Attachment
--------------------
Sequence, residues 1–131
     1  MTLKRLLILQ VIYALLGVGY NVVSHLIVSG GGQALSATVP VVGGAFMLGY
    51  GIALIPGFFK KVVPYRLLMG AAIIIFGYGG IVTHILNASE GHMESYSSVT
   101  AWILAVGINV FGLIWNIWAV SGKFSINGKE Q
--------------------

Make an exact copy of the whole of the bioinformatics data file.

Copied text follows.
Sequence, residues 1–131
     1  MTLKRLLILQ VIYALLGVGY NVVSHLIVSG GGQALSATVP VVGGAFMLGY
    51  GIALIPGFFK KVVPYRLLMG AAIIIFGYGG IVTHILNASE GHMESYSSVT
   101  AWILAVGINV FGLIWNIWAV SGKFSINGKE Q